StRaphaelloopphoto

This is a rerun of a letter to the editor of Hearing Journal – back in December 2010

As an audiologist for close to 27 years in a small private practice, I think I’ve stumbled on what will finally make many of my patients happy. I have been in houses of worship and other public places where, although I have normal hearing, it was difficult to hear. That made me think about my patients: If I could barely hear, how wouldthey fare? I know that few of them speak up, pick up an assistive device, or move closer. More often they will complain about their hearing aid (to me!) and just sit there or stop attending these events.

The seminars I’ve given at churches and senior centers did little to increase use of FM assistive devices, and advocating for neckloop purchases rarely turned them into believers in FM technology. I have tied myself in pretzels trying to get them to advocate for themselves. That is, until I heard Dr. Dave Myers speak at a meeting about his success in looping Western Michigan.

Hearing loops turn any telecoil-equipped hearing instrument into a speaker for the PA system. This simple, unsexy, low-tech t-coil turns your hearing aid into a personalized listening device that significantly and effortlessly improves the signal-to-noise ratio—that elusive goal we all are looking for when we fit directional-microphone instruments.

As audiologists, we also know that the small SNR improvements these D-microphones provide rarely satisfy the needs of the patient, who, besides having a hearing deficit, frequently has auditory processing challenges and therefore needs an SNR improvement not possible with an ear-level device, no matter what its level of technology. This is a physics problem, not a hearing aid problem.

Enter the hearing loop, also known as “Wi-Fi for hearing aids.” It circumvents the physics problem. It does for hearing aids what no other assistive device can: Make our patients hear better in situations where heretofore they could not. It is truly the missing link in our practice. Hearing loops use the t-coil, which is present in 60% of all hearing aids sold in the U.S. and in over 90% of high-power instruments. The t-coil is low cost, low in power consumption, and, best of all, easy to use.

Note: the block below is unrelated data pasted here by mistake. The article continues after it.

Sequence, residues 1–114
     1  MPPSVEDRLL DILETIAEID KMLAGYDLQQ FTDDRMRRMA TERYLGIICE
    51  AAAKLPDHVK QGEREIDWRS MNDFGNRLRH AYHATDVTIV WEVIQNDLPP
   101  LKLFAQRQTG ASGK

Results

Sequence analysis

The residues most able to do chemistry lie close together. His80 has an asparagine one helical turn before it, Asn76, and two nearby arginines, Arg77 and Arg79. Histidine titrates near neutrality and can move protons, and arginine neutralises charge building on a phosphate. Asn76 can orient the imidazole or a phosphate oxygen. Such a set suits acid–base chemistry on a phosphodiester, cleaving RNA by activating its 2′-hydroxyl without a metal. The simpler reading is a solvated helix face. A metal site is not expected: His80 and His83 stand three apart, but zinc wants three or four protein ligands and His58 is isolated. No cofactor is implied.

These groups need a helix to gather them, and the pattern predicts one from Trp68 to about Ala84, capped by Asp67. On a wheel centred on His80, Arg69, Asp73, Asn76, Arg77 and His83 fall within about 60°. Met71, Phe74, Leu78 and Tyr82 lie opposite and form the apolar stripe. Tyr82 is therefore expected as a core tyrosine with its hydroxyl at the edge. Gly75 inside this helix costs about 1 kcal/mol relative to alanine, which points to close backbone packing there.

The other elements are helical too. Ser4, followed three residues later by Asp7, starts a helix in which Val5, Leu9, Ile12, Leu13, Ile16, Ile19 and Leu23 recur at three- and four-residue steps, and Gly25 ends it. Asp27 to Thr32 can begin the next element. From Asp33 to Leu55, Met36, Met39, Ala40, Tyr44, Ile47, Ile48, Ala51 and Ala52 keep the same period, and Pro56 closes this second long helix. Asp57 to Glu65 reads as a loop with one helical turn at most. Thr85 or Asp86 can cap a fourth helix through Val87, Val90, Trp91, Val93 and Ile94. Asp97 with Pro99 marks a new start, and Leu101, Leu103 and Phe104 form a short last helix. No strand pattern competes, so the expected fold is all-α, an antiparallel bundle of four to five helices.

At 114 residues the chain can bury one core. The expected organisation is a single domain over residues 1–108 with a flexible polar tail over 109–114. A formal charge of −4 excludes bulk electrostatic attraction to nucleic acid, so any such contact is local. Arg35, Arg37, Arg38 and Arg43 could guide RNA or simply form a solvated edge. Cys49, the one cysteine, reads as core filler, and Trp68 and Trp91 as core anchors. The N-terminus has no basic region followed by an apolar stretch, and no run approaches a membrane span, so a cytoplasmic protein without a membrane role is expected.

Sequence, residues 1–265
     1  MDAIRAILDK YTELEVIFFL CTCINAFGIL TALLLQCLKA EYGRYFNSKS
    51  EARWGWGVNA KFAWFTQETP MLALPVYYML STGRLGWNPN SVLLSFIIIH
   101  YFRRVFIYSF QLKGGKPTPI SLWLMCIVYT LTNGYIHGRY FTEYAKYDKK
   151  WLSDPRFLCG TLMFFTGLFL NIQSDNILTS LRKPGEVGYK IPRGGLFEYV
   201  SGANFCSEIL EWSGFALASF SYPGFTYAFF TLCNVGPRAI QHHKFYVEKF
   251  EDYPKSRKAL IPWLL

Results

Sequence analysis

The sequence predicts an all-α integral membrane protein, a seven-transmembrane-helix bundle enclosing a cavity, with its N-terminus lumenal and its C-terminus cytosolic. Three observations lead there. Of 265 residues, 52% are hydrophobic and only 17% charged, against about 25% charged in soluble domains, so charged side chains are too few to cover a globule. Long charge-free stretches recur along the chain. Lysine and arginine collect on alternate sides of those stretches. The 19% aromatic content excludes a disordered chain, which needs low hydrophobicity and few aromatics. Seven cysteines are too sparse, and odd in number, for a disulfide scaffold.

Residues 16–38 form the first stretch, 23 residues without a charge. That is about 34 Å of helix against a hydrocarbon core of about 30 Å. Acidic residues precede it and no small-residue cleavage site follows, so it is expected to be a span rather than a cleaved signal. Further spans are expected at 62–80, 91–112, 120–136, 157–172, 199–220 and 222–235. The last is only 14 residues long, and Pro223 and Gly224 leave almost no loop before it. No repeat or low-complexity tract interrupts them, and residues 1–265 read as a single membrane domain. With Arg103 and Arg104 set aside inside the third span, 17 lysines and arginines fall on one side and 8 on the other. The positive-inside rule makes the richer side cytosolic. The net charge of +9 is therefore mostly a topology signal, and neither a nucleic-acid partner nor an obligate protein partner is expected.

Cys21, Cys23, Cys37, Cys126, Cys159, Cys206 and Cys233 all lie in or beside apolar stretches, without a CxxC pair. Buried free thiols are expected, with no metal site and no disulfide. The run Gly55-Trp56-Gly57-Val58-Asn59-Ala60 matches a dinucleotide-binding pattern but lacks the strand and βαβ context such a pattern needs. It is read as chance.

As audiologists, we need to advocate for our patients. Our advocacy will help them hear so much better. I will even go as far as to say that, under some circumstances, persons using the loop will hear betterthan the persons sitting beside them.

Advocating for hearing loop technology is easy. You start with your own waiting room: Install a small loop driver and start demonstrating it. Contact a reputable professional audio company and explain that you would like to work with them in bringing this technology to area churches. Donate a hearing loop driver/amplifier to your own church, community theater, or seniors meeting room to get it going. And start giving speeches to service clubs or retirement centers. Trust me, hearing is believing!

Collectively supporting “hearing loop initiatives” in our local communities will result, sooner rather than later, in a “Looped America,” as Dr. Dave Myers has written in the Sept./Oct. 2008Hearing Loss Magazine.

No technology now or in the near future can do what induction hearing loop technology can do today! Our advocacy will let America know we truly “Care for America’s Hearing” and we will benefit with increased acceptance and use of hearing aids.

Juliette Sterkens, AuD

Oshkosh, WI

 (The original letter can be found here: http://journals.lww.com/thehearingjournal/Fulltext/2010/12000/Hearing_Loops_Make_Consumers_Flip_Where_Hearing.9.aspx)

On July 17th the ANSI A117.1 Committee convened in Washington DC voted to revise the current 2009 International Building Code to include a statement that when a hearing loop is installed it shall meet the IEC 60118-4 induction hearing loop standard.  This paper explains why this is important.

There are so many different groups involved each with their own acronyms… it is enough to drive someone like me, an advocate focused on helping people with hearing loss hear better in public places, to exasperation.  ADA, ANSI, ICC and IBC, Chapter 11 and Section 706 did not mean much to me up until a few weeks ago but the light is beginning to dawn.